The violence in northern Ethiopia will likely bring 200,000 people to neighboring Sudan in the coming months, warned UN agencies, where food, shelter and medicine are urgently needed.
The number of refugees crossing the border has already exceeded the agency’s preparations by 11,000 people, an official with the UN refugee agency said.
“Together with all the agencies, we built a response plan for about 20,000 people and we are currently at about 31,000, so it has already exceeded that number,” Axel Bisschop said at a briefing in Geneva. “The new planning figure is around 200,000.”
The fighting in the Tigray region has also left more than 2 million children in urgent need of assistance, and thousands more at risk in Sudanese refugee camps, Unicef said.
The agency is particularly concerned about the possible spread of disease among refugees, almost half of whom are children.
“Within the Tigray region, restricted access and ongoing communications blackouts have left an estimated 2.3 million children in need of humanitarian assistance and out of reach,” said UNICEF Executive Director Henrietta Fore.
Another 12,000 children, some of them without parents or relatives, are “among those who are sheltering in camps and registration centers and are at risk,” Fore added.
Earlier this month, the Ethiopian government announced a six-month state of emergency in Tigray, where a telecommunications and electricity blackout, along with limited fuel and cash, has in fact blocked humanitarian access.
For those who fled to Sudan, life is not much easier. The camps are overcrowded and the refugees have been struggling with unsanitary conditions and limited access to water and food, UNHCR said.
UNICEF is trying to provide urgent assistance and life support for children living in “extremely harsh” conditions in the camps. UN agencies are seeking $ 50 million in immediate funding that will go towards providing food and establishing new camps.
Fore called on all parties to the conflict to allow humanitarian access. “Every effort should be made to keep children out of harm’s way and to ensure that they are protected from recruitment and use in conflict,” he said.
Ethiopia’s Prime Minister Abiy Ahmed launched military operations two weeks ago after accusing the Tigray People’s Liberation Front, which runs Tigray, of attacking a military camp and attempting to seize military equipment. The TPLF denies the charges and has accused the prime minister of fabricating history to justify the offensive.
The open hostilities are the culmination of months, even years, of mounting tensions between the TPLF leadership and the ruling coalition in Addis Ababa, the national capital.
Few observers believe the hostilities will end soon, and senior US diplomats said late Thursday that neither side was interested in mediation.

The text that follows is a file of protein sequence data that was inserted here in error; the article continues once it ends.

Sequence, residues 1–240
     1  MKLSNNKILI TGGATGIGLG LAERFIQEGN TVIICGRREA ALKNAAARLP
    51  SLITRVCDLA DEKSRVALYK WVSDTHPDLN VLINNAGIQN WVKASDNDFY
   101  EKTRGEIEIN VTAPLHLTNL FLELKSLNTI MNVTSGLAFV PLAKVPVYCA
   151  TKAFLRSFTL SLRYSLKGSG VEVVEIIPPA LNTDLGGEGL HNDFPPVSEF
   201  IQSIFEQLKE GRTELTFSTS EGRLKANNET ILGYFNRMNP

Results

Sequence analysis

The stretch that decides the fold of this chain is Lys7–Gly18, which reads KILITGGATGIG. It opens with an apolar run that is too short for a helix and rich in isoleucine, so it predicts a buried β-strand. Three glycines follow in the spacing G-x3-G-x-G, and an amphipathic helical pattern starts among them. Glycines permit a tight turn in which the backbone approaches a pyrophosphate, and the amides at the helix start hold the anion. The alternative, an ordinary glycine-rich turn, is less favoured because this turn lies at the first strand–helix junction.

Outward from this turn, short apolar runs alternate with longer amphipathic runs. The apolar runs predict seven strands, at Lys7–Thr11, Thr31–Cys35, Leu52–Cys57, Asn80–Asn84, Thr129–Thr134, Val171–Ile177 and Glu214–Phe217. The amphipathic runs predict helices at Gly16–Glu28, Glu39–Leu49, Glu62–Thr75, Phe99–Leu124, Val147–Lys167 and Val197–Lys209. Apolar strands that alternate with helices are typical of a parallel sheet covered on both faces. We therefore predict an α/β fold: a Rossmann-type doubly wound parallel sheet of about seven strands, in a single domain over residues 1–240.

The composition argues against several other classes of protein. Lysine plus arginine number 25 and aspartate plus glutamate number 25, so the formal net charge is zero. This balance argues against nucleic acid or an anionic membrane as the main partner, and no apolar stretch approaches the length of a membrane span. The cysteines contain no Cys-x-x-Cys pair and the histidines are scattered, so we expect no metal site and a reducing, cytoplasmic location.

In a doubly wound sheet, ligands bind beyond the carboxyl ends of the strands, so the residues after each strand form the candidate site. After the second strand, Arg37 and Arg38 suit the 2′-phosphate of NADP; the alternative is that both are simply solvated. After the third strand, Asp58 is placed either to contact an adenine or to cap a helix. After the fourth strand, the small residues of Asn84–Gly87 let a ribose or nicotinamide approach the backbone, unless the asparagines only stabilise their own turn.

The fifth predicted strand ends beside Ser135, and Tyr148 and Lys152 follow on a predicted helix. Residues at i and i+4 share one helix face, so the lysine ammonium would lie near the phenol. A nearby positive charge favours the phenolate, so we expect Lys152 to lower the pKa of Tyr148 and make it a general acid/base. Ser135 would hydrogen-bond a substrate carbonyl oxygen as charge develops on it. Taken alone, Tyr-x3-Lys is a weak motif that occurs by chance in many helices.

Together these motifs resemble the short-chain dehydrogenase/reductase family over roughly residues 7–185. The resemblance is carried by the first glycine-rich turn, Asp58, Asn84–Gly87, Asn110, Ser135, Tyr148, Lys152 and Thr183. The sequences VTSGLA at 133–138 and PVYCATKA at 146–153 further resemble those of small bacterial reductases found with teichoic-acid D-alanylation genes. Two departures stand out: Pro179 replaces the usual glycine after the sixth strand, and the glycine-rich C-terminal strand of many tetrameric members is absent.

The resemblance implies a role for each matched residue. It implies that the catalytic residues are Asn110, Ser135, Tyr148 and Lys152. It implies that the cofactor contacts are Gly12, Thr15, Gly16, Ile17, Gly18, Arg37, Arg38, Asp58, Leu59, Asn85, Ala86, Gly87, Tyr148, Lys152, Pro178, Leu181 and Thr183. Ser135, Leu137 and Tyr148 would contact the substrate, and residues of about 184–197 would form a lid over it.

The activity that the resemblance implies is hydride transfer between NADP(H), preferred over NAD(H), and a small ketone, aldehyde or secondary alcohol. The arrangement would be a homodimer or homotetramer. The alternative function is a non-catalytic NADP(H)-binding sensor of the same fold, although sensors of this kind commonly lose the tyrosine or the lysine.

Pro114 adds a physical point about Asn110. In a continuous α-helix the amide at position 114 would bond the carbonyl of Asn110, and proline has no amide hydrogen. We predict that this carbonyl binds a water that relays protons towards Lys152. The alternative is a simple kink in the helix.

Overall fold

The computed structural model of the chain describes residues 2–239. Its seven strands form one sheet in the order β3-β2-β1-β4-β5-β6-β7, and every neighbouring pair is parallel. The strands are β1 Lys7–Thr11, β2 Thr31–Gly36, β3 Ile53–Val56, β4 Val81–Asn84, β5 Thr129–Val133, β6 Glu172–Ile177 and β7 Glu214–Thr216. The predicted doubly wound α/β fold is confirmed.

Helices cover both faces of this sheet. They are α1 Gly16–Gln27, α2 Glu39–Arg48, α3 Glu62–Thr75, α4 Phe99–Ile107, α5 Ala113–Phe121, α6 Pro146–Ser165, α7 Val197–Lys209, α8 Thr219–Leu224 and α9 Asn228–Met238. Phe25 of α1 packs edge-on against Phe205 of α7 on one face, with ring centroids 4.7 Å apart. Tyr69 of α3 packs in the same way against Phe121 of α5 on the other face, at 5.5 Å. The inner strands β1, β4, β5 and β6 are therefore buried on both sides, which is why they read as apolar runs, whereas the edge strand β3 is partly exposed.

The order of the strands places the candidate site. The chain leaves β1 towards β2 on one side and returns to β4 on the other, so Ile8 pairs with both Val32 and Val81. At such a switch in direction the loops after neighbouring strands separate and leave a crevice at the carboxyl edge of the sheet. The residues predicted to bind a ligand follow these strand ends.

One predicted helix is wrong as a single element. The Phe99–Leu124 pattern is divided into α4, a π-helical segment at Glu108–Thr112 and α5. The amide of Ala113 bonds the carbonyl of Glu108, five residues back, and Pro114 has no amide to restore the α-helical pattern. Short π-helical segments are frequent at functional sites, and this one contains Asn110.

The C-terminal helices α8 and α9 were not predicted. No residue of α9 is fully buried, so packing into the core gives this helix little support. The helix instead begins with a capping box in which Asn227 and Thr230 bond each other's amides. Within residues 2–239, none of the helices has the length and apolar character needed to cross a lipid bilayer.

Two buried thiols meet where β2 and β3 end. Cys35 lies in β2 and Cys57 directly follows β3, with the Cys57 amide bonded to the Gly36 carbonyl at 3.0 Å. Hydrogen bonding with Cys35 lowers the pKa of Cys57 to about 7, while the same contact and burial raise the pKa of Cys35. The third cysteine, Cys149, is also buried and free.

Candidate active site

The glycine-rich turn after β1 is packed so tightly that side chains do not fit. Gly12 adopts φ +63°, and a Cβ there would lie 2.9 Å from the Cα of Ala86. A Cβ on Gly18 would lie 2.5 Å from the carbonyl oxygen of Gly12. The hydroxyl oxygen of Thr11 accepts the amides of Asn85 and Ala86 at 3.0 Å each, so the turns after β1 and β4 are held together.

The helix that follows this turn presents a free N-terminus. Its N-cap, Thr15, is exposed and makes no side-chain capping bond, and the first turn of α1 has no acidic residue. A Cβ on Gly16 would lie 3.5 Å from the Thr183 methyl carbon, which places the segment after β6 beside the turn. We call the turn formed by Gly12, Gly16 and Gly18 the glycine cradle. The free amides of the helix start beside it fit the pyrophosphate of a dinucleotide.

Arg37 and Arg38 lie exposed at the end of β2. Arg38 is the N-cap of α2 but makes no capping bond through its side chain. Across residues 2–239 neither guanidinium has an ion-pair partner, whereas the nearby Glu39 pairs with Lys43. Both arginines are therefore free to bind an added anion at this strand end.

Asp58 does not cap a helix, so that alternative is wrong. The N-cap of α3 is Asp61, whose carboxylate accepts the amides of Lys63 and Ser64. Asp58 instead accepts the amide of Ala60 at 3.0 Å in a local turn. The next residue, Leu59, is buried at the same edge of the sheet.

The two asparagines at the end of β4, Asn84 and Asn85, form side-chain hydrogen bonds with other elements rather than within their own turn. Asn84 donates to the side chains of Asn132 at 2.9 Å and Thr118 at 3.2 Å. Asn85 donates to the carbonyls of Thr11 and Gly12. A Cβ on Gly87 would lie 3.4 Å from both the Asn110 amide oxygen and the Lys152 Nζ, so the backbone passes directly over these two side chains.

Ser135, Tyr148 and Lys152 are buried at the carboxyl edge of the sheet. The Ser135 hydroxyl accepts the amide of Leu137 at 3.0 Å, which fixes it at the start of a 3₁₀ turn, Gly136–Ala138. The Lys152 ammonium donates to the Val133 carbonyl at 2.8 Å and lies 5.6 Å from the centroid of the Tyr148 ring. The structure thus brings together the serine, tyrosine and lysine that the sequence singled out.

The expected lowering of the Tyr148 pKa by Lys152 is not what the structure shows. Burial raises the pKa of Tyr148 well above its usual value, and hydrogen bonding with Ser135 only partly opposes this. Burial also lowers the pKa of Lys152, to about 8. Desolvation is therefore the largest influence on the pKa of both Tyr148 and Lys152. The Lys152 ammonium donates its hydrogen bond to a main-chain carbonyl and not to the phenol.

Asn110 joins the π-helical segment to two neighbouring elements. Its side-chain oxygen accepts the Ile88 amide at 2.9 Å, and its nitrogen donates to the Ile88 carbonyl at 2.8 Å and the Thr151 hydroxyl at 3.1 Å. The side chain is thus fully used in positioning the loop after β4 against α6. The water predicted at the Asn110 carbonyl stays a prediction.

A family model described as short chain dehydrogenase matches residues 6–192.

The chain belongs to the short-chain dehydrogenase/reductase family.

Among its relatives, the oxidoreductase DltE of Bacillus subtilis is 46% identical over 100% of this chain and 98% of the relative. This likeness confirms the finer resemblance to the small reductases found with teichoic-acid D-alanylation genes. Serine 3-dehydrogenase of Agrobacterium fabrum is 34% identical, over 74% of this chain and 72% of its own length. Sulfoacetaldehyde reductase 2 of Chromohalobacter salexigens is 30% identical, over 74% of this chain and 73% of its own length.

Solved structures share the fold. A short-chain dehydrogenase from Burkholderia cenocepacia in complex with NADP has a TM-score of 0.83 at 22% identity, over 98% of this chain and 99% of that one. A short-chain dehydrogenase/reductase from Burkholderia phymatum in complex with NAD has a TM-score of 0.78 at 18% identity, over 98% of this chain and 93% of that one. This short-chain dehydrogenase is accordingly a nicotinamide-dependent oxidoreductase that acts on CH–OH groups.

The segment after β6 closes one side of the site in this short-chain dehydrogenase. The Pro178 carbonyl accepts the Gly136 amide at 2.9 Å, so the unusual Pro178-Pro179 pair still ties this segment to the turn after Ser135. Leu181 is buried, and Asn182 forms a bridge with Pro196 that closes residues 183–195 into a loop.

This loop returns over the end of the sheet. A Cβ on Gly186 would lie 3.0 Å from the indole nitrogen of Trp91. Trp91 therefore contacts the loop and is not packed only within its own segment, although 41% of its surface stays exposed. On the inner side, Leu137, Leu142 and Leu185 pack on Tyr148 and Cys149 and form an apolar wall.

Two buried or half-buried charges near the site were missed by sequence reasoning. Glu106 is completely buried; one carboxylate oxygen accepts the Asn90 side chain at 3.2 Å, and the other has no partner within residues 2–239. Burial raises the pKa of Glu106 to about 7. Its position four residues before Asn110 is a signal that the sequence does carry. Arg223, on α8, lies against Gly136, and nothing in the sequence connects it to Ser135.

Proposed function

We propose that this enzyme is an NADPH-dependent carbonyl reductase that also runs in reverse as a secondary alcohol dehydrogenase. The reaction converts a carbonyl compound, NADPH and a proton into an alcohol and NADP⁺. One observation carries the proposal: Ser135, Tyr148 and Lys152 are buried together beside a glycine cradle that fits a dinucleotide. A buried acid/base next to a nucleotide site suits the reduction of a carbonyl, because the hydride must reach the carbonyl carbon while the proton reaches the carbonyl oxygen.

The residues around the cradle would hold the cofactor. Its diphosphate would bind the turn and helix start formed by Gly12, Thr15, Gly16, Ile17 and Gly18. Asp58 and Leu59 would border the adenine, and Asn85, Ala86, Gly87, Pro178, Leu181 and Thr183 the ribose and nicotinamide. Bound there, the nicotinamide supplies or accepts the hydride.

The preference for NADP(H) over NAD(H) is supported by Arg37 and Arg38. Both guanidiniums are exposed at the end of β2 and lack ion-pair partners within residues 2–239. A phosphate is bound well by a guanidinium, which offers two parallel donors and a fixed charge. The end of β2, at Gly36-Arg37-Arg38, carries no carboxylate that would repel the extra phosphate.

“Anyone who has worked with these two parties, I think they can appreciate the fact that they have very, very strong opinions about what they want to do and when they want to do it,” said Tibor Nagy, the US undersecretary for African affairs. reporters. “Mediation is actually a very good tactic, but it can only be used when the people involved or the parties involved are prepared for mediation.”
The US ambassador to Ethiopia, Michael Raynor, said his recent talks with Abiy and Debretsion Gebremichael, the leader of the TPLF, had convinced him that there was “a strong commitment from both sides to carry the military conflict.”
Ethiopia has long been a lynchpin of US policy in the fragile East Africa region, and so far Washington has supported Ahmed.
“There is no equivalency here,” Nagy said. “It is not about two sovereign states fighting each other. This is a faction of the government that runs a region in Ethiopia that has decided to launch hostilities against the central government, and it has not … had the effect that they thought they were going to achieve. “
Humanitarian workers described pregnant women, separated families and sick elderly among the thousands of refugees who continue to arrive daily in Sudan from Ethiopia.
“People sleep in the open air. There are no tents, only blankets. There is some food, such as oatmeal and water, but there are no toilets, showers or health services. Many families arrived with nothing but the clothes they were wearing. Basically, they come with nothing, nothing, ”said Will Carter, country director for the Norwegian Council for Refugees in Sudan.
“There are pregnant women in the camp, diabetics without insulin, people living with HIV / AIDS without medical care and children without parents. It is a deeply traumatic and depressing time for many, ”Carter added.
Agencies contributed to this report
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